Concerto for Cellist (I): Rostropovich

The music of Eastern Europe that we have shared with our readers over the past month is also related to the composers of the region. In addition to this, there are many other outstanding cello players in Eastern Europe, perhaps one of them being Mstislav Rostropovich.

Rostropovich was born in Baku, in the former Soviet Union, between Central Asia and Eastern Europe. His parents were also musicians and he studied cello, piano and conducting from an early age. Rostropovich, who at the age of 15 gave public performances on the cello and was immediately hailed as one of the most promising performers in the world, went on to enter the Moscow Conservatory of Music under his father’s tutelage and gained a reputation in the West as well, and after fleeing the Soviet Union and moving to the United States in the early 1970s, he was given more opportunities to perform around the world.

A search of Rostropovich’s past recordings reveals that many of them also feature the orchestra playing songs such as Antonín Dvořák’s Cello Concerto in B minor (Op. 104). This is the last of Dvořák’s solo concerto works to focus on a single instrument. After writing a brief, incomplete Cello Concerto in A major in his early years, Dvořák resisted the request of his close friend Hanuš Wihan, another cello player, to complete another full cello concerto. However, in 1894 he was unexpectedly inspired by a new cello concerto by fellow Conservatoire member Victor Herbert to write this melodic, romantic and dramatic work. The cello is a difficult piece, beginning with a soloist who plays triple-stopped chords with vigour in a quasi improvised style, moving between octaves, complemented by double stops and empty string pizzicato. Watching Rostropovich’s playing, it is clear that he has a supple command of all these techniques.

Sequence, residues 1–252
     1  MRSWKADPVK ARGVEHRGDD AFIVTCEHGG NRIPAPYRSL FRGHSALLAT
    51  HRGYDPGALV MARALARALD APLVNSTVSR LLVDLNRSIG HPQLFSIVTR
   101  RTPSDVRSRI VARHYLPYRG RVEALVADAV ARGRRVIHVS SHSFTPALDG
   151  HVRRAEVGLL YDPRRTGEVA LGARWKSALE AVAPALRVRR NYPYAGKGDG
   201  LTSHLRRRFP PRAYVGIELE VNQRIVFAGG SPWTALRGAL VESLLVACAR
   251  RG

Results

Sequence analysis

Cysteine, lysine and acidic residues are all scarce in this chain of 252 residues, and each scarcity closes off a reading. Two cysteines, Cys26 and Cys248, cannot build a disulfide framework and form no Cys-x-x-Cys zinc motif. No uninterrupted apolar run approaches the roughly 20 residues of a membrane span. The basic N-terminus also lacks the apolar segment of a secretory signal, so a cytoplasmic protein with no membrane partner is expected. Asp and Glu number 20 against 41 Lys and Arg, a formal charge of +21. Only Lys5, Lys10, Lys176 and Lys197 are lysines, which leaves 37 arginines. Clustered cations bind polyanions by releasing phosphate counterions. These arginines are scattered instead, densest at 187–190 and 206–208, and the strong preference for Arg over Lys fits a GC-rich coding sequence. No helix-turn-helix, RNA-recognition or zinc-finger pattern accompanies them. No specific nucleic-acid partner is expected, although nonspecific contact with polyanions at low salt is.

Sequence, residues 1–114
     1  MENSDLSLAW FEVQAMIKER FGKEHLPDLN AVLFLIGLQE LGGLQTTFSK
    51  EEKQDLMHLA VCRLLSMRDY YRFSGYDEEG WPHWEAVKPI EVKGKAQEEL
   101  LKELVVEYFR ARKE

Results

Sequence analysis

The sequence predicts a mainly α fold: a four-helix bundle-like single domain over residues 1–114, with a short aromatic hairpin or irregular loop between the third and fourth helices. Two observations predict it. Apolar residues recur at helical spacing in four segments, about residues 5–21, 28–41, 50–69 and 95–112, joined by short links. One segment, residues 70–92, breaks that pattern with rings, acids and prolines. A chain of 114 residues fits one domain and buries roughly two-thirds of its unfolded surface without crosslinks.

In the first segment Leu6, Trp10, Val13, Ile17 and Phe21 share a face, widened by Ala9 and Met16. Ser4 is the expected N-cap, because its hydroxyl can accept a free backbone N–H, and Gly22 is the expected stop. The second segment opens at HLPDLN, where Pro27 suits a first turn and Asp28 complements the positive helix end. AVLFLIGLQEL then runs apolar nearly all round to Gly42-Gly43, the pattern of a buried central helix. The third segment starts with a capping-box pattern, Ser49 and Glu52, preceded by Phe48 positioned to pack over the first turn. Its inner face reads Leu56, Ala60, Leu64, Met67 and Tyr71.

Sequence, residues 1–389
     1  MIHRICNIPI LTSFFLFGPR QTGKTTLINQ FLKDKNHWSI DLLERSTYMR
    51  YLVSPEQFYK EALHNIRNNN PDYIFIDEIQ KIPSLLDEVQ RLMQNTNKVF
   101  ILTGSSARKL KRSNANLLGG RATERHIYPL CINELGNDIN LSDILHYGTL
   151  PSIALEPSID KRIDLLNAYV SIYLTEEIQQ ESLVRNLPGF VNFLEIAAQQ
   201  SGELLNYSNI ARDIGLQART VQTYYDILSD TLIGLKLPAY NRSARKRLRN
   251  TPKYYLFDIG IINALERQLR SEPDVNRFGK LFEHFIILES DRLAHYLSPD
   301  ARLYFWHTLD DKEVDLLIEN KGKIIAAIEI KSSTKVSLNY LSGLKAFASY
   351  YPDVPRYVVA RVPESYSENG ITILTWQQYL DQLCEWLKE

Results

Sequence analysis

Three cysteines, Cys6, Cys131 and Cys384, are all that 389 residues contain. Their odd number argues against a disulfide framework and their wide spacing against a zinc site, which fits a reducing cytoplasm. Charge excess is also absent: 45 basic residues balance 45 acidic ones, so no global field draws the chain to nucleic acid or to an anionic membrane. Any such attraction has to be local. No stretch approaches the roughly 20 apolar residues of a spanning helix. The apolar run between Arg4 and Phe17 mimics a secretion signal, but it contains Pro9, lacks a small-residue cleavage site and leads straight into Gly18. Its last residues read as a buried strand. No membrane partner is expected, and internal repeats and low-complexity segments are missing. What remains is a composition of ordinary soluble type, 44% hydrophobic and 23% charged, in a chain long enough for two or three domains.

In Rostropovich’s version of the concerto, the audience is able to feel the staccato and intonation of the cello’s sound as he breathes, and even though they are not there to see it, they can still feel his individuality off-screen. Even though they were not watching the performance live, they could still feel the charm of his personal performance off-screen.

This is perhaps why the concerto has remained so popular with musicians and audiences alike over the years – its melodic variety, the scope for the solo instrument to play, and the orchestra’s collaboration to create an emotionally rich movement. Even in the oldest recordings, the musical power behind the instruments remains the same.

Reference/Photo Source: Dvorák – Concerto in B minor Op. 104 / Mstislav Rostropovich


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